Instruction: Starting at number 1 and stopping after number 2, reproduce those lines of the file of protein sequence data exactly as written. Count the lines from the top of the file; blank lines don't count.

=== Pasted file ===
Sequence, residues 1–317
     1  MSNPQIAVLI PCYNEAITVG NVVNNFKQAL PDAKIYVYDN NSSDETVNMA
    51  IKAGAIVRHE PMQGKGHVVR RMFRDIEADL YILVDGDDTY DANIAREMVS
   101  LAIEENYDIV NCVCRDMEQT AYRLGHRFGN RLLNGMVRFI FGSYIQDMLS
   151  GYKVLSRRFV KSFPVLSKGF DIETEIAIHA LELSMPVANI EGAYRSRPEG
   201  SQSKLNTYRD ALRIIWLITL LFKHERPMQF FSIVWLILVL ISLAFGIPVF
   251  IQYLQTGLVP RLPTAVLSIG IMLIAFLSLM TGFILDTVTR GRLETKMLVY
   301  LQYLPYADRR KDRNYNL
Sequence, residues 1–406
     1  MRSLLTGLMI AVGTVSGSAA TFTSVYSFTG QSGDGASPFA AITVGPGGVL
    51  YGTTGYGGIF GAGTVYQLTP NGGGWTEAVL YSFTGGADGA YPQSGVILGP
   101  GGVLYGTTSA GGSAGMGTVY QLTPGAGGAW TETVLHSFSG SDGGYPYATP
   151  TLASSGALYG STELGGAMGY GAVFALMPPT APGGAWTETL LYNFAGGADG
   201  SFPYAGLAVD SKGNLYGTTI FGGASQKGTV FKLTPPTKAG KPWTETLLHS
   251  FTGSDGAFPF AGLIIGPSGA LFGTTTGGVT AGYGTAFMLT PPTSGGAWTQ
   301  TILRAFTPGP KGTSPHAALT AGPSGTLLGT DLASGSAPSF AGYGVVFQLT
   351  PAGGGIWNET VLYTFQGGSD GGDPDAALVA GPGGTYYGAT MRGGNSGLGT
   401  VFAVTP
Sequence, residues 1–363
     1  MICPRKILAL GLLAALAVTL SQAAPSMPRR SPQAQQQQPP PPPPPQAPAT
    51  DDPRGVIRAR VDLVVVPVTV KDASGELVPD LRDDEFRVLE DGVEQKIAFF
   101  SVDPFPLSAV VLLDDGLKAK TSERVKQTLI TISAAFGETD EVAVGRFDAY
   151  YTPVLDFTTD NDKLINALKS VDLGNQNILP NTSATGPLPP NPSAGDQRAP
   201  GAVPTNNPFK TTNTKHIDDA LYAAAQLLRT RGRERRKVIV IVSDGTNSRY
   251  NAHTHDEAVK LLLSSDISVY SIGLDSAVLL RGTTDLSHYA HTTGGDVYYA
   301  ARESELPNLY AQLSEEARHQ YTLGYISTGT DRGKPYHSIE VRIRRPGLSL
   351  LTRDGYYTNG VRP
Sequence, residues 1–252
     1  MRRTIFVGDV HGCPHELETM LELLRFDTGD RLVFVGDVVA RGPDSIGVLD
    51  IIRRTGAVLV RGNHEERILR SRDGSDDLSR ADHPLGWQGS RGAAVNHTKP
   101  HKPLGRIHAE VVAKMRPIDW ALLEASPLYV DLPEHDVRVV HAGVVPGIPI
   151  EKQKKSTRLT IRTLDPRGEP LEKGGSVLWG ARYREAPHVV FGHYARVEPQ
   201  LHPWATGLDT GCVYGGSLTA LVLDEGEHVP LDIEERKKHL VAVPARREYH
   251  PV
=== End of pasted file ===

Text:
Sequence, residues 1–317
     1  MSNPQIAVLI PCYNEAITVG NVVNNFKQAL PDAKIYVYDN NSSDETVNMA